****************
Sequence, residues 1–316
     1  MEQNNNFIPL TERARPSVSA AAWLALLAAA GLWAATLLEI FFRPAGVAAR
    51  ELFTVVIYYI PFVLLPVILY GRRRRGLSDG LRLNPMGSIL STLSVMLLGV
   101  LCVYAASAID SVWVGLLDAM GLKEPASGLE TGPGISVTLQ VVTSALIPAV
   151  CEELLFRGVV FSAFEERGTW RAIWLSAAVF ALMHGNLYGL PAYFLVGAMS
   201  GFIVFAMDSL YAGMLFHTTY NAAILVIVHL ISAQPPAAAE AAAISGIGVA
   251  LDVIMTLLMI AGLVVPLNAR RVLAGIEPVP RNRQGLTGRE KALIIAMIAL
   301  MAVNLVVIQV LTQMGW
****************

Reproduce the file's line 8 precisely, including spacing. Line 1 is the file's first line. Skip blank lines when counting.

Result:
   301  MAVNLVVIQV LTQMGW